Angola, Famine as a Weapon
N.B. As per the disclaimer, neither the ICRC nor the authors can be identified with the opinions expressed in the Cases and Documents. Some cases even come to solutions that clearly violate IHL. They are nevertheless worthy of discussion, if only to raise a challenge to display more humanity in armed conflicts. Similarly, in some of the texts used in the case studies, the facts may not always be proven; nevertheless, they have been selected because they highlight interesting IHL issues and are thus published for didactic purposes.
[Source: AYAD Christophe, “L’arme de la famine en Angola”, in Libération, Paris, 28 June 2002. Original in French, unofficial translation.]
The weapon of famine in Angola
Three million Angolans need aid and 600,000 are at risk
By the beginning of June, the mortality rate in Chiteta camp was 2.3 deaths per day for a population of 10,000. The “emergency threshold” is one death per day per 10,000. The fighting may have stopped, but the war continues. Angolans are dying by the thousand every day. It is not “merely” a famine that is decimating the Angolan population – the war continues. The World Food Programme has estimated that three million Angolans are in need of aid; and 600,000 of them are at immediate risk of falling short, according to an estimate by Médecins sans frontières (MSF). But this is not the result of the two years of severe drought that has plagued southern Africa as a whole. The Angolan government has been using famine as its preferred weapon in its long final assault on the rebels of Jonas Savimbi’s UNITA movement.
Determined to cut UNITA’s supply lines, the Angolan armed forces have had no compunction about razing entire villages and forcing the inhabitants to gather in closely guarded “camps”. This scorched earth policy has been aimed at preventing UNITA from recruiting men and generally exploiting the population. Forced to leave their gutted homes and wrenched from their land, these peasant farmers faced autumn and then the winter with help from no one. In Bunjei, south of Huambo – Savimbi’s former stronghold – up to 14,000 people have been assembled in the immediate vicinity of the military camp. The camp itself is protected by mines and supplied with food and beer. But just next door the displaced are dying like flies: 15 deaths per day, the majority due to malnutrition. A measles epidemic is decimating the weakest. The mortality and severe malnutrition rates are close to those recorded in Southern Sudan during the terrible famine in 1998, with a quarter of the children weighing less than 70% of normal. In Chipindo, 4,000 out of a total population of 18,000 have died since last September.
It was not until Savimbi was killed in combat on 22 February and the peace agreement was signed on 4 April that the army finally relaxed its stranglehold on the camp. The bravest set out on foot for the north, where they had heard that Western NGOs were distributing food. That was when Médecins sans frontières began to see “refugees from the interior” arrive on the point of collapse.
According to their accounts, the homes of over 90% of them had been burnt down. After several refusals, the French NGO was finally allowed to conduct an exploratory mission, in the course of which it “discovered” the Bunjei camp.
The weakest of the children are now being cared for in Bunjei, where the camp’s population has increased to 20,000 and the mortality rate has stabilized. But there are scores of other Bunjeis along an imaginary line drawn from Lobito to Luena, running west to east following the line of the 2001-2002 government offensive. These territories are known as “grey areas”. Since total war resumed in 1998, 80% of Angola’s territory has been closed to any form of humanitarian aid, access being prohibited by both the government and the UNITA rebels. There doubtless remain as yet undiscovered pockets of famine, far from the main roads, which are the only negotiable routes owing to the 12 million mines planted throughout the country – one per inhabitant. [...]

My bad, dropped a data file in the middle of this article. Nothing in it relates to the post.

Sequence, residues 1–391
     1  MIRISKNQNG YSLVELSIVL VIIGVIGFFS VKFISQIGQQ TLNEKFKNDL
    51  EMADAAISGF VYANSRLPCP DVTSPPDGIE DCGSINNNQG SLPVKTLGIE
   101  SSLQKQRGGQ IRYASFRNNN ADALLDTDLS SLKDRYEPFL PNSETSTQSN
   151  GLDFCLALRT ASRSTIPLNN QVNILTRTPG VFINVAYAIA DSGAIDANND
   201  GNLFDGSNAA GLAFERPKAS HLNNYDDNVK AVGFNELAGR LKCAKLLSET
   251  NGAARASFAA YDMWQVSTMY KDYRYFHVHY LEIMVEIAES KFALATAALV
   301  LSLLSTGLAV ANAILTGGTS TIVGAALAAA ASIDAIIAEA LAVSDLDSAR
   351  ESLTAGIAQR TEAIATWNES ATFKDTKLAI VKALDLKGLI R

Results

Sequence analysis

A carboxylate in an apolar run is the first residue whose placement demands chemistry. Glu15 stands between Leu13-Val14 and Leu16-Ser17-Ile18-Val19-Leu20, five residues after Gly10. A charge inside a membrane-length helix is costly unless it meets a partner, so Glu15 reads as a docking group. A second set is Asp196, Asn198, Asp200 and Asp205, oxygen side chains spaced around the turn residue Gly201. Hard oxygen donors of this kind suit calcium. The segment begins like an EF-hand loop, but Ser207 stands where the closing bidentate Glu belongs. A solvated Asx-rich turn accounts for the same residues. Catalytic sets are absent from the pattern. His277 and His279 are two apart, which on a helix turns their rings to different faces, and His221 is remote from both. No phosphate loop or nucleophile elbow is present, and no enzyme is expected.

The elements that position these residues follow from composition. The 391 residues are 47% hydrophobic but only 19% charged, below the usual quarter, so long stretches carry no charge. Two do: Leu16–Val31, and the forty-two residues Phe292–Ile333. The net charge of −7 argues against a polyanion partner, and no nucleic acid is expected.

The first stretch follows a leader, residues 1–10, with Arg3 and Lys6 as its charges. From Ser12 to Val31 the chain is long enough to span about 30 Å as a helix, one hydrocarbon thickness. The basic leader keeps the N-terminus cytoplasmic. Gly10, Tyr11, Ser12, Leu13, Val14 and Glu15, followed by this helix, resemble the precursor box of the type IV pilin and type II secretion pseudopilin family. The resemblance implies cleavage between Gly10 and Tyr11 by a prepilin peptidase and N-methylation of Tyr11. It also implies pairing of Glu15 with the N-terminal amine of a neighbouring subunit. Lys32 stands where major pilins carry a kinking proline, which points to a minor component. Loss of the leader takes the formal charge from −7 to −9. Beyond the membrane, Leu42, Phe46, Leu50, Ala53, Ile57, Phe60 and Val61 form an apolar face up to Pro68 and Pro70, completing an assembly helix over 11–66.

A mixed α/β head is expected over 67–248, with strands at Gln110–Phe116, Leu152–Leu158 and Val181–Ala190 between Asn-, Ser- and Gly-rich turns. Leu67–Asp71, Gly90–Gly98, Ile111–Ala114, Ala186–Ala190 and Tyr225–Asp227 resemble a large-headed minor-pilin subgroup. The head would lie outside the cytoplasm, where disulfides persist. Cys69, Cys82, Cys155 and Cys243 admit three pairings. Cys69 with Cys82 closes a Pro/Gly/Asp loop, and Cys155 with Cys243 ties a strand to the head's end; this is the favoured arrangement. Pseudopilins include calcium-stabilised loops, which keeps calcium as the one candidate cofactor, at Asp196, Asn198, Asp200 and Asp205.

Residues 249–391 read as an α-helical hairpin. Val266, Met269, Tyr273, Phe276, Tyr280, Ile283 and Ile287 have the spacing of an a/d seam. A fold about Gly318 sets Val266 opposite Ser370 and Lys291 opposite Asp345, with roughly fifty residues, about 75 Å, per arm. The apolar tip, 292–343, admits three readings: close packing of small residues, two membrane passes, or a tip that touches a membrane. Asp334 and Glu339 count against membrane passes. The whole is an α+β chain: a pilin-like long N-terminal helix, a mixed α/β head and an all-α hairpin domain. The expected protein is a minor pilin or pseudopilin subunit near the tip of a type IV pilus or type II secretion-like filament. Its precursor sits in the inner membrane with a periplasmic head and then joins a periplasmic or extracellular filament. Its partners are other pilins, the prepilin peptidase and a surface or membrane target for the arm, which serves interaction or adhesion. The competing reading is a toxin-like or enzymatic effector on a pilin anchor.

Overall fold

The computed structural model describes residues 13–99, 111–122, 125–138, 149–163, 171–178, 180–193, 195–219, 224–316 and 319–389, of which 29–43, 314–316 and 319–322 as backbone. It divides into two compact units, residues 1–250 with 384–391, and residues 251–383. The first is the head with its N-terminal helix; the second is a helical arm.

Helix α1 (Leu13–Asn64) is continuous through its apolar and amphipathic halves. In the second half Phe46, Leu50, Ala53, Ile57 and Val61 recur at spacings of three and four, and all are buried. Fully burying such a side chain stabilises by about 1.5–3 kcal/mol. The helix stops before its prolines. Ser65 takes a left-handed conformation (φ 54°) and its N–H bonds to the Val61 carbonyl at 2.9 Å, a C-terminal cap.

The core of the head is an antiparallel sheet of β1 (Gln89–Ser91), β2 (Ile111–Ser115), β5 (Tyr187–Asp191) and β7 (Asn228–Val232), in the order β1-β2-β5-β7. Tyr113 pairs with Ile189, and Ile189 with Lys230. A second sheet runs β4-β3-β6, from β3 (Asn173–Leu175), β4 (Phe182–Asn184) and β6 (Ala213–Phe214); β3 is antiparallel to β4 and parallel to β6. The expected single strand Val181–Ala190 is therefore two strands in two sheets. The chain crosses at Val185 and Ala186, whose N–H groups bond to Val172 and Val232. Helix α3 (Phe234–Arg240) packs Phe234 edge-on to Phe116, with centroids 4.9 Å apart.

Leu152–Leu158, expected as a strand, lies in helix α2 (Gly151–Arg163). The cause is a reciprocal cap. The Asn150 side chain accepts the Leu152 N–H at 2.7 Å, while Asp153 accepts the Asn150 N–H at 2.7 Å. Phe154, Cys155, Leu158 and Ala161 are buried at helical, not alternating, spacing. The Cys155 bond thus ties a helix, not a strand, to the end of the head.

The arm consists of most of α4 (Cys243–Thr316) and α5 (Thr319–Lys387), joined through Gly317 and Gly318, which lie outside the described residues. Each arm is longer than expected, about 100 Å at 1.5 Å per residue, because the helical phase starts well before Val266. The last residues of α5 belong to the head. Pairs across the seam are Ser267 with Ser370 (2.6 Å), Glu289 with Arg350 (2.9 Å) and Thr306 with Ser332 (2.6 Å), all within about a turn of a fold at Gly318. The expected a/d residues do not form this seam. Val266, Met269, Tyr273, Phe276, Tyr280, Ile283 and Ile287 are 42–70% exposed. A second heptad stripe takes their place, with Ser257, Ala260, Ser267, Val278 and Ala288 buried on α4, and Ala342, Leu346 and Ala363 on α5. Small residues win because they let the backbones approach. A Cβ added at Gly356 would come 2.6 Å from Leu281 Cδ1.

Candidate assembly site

1. a. Can starvation be considered a weapon? Is it “merely” an inevitable consequence of war? How can a famine resulting from climate conditions be distinguished from one intentionally induced by a party to a conflict? If such a party “organizes” the starvation of a population, does it thereby commit a war crime? A crime against humanity? What about in a non-international armed conflict? Is it conceivable that starvation used as a method of warfare could be outlawed in international armed conflicts but not in internal conflicts? (P I, Art. 54; P II, Art. 14; ICC Statute, Art. 8(2)(b)(xxv)
b. Even if starvation as a method of warfare cannot be made an offence, are actions resulting in famine a violation of IHL? Is it a war crime to “raze entire villages,” to force people to assemble in camps, to burn down houses? Is it a crime against humanity? Under what conditions? And in the context of a non-international armed conflict? (P I, Art. 52; ICC Statute, Art. 8(2)(a)(iv), (b)(ii) and (xiii) and (e)(xii))
2. Can a party to a conflict deny humanitarian organizations access to victims of war, in particular those suffering the effects of famine, without violating IHL? If so, under what conditions? Can it deny the ICRC access to the victims? Can it deny other humanitarian organizations access? What about in a non-international armed conflict? (GC IV, Arts 23, 55 and 59-63; P I, Arts 69-70 and 81; P II, Art. 18(2))
3. Is the use of anti-personnel mines prohibited by IHL? Even in a non-international armed conflict? [See Protocol on Prohibitions or Restrictions on the Use of Mines, Booby-Traps and Other Devices as amended on 3 May 1996 (Protocol II to the 1980 Convention), and Convention on the Prohibition of the Use, Stockpiling, Production and Transfer of Anti-Personnel Mines and on their Destruction]